Bagan is maybe the most iconic place in all of Myanmar. We were expecting greatness but were blown away by the sheer crazyness of this place. As soon as your taxi exits the airport grounds, you can spot hundreds of temples and zedis scattered around everywhere you look. The recent earthquake in Bagan damaged hundreds of pagodas and the bustle of tourism has apparently turned into a major effort to clean the rubble and restore these magnificent buildings. The post and photos are pre-quake – I recommend you read this article by the BBC for the latest on what it’s like on the ground. It also suggests that the quake might have silver lining: most of the destroyed parts were those hastily built by the military junta, and careful restoration could see Bagan finally on the UNESCO Wrold Heritage Site list.
Visiting the temples of Bagan with kids
We rented out electric bikes – or mopeds, really – on the street outside the hotel. These funny little mopeds were very, very cool and the kids loved sitting in the back and zooming on the dirt tracks between the temples. Many families seemed to rent out horses and carriages: this is probably a nice method of transportation with toddlers too young to be sitting in the back of the moped, but the carts are very slow and bumpy. With the e-bikes we could easily roam the plains and change our plans when a temple we wanted to see was swamped by tourist buses or we got tips from local sellers or guides on better view points and hidden rooftops.
If you are serious about the temples you need to make a plan on what order to see them. We took a more relaxed approach and just set off on our scooters, spotted an interesting one, climbed to the roof and chose the next one and headed that way. The Leap&Hop guide for kids lured the kids into temple spotting and prolonged the time it took them to be templed-out.
Thanks to the dusty and grey skies we didn’t get to experience one of those tourist brochure magical sunsets. The best and most famous sunset watching spots start getting crowded well before sunset, so be early if you want a front row seat. If you want to experience the magic away from the crowds, search the internet and you’ll find excellent travel bloggers who have mapped out the best spots. This is as close to a sunset we got, but we only had to share it with two other people so we consider it a win:
All the temples are beautiful. Some are big and beautifully restored, some crumbling and in dire need of TLC. The most famous are busy with vendors, groups visiting on tour buses and kids asking for foreign coins as souvenirs. We loved the ones where you could climb up some dark stairs with the guidance of a key holder, who would normally appear from somewhere when we scooted in. Sometimes a tip or a purchase of artwork was expected, sometimes a tip was refused – go figure what the etiquette is!
Touring the temples is hot and dusty so come prepared with hats, sun screen, plenty of water and snacks. Many of the temples have vendors with cold drinks. You need to leave your shoes outside, so wear flip flops or other easy shoes. The rooftops can be very hot, so beware with kids when on top.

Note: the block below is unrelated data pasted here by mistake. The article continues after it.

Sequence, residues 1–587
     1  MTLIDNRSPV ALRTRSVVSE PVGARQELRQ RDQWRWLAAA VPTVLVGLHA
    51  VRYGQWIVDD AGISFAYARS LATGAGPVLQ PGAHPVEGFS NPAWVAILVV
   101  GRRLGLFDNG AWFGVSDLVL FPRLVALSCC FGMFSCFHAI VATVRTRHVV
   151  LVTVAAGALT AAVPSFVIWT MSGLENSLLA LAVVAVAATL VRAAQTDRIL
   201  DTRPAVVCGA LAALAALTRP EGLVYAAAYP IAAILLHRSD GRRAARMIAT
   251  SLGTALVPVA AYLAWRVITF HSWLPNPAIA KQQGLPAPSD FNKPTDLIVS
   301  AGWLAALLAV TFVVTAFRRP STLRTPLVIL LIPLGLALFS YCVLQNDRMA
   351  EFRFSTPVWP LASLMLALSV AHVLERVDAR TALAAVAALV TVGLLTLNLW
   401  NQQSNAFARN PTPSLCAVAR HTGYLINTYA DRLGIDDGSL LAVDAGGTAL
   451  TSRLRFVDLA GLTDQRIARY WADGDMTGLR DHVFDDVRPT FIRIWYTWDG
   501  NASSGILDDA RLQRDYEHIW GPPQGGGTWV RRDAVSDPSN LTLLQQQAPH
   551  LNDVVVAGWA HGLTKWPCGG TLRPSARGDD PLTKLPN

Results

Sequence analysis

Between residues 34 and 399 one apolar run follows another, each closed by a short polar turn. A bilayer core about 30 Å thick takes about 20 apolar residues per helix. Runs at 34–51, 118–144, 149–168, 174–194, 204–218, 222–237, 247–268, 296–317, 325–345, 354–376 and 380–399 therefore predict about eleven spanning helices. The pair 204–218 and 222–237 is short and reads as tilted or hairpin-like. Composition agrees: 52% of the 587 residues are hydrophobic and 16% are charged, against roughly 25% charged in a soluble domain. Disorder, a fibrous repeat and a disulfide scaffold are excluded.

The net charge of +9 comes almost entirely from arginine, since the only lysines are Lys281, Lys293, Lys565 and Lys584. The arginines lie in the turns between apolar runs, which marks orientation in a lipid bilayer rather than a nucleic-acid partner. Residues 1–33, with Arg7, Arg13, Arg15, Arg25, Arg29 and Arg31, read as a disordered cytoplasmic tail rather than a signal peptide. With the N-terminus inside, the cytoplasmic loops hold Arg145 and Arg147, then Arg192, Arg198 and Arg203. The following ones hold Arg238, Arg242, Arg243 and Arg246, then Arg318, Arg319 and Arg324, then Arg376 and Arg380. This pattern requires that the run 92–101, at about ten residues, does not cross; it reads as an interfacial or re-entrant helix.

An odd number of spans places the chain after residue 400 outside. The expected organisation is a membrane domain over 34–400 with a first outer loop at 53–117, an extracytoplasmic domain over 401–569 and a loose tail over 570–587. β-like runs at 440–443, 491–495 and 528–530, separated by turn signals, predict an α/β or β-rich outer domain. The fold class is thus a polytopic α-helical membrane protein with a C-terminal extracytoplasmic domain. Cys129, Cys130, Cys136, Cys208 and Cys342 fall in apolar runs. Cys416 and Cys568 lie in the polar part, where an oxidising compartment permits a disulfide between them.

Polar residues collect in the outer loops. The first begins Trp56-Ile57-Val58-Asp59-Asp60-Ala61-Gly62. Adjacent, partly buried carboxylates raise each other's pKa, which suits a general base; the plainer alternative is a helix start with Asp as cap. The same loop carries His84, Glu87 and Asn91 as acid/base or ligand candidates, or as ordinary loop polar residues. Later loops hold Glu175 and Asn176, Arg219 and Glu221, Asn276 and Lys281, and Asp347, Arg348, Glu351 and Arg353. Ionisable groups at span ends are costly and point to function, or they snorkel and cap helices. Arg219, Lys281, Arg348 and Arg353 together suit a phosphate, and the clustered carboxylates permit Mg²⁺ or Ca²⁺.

Lacquerware in Bagan
Lacquerware is a Bagan tradition. Tour buses have created a souvenir market to suit the demand, and much of the lacquerware and other crafts are not made in Bagan anymore, leaving many local craftsmen fighting a loosing battle for a share of the market. We randomly chose a lacquerware workshop from Tripadvisor, and got lucky. Jasmine Family’s workshop is on a small side street near Manuha Temple. It is now on Google Maps too – or you can ask anyone in the neighbourhood for the right house.
Behind the rickety gates you get to see the cumbersome process of how these elaborate pieces of art are made. We were more than happy to shop in their little showroom – while you are not required to buy anything, it would be a tad rude to get the tour and leave. Based on a very quick look at the prices in other shops the Jasmine rates are very reasonable. They sell both items made in their own workshop, antique pieces and some pieces made by other artisans. A lot of work goes into these pieces, and the prices are in line with that.
Where to eat in Bagan
It seems like new restaurants open all the time. In between temple hopping, we ate at the Star Beam, which was simple and ok but the setting next to Ananda Pahto is very nice. We also tried the outlet in New Bagan, again fine. Naratheinkha Restaurant near our hotel was also nice with outdoor seating and something for everyone on the menu (=pasta for the kids!). However tempting, I would not eat off the street!
A local treat the kids discovered was tamarind flakes – sugary dried pieces of fruit wrapped in paper, a perfect snack, available in every corner stone and seen in this photo as a prized possession:
Where to stay in Bagan
We were traveling during the hottest time of the year so wanted a hotel with a pool – but without the heavy price tag of the fancier hotels – so ended up in Arthawka Hotel in New Bagan.The kids enjoyed the small pool and our room with two queen beds was simple but clean. We did not find it difficult to scoot back to New Bagan (about 20 mins on our electric beast), but if you have a very flexible budget, there are some beautiful hotels on the riverside nearer to Old Bagan – some even have pagodas temples on the grounds.
Read also our post on the basics on traveling to Myanmar.
It does look magnificent. I do wonder how the clean up efforts are going.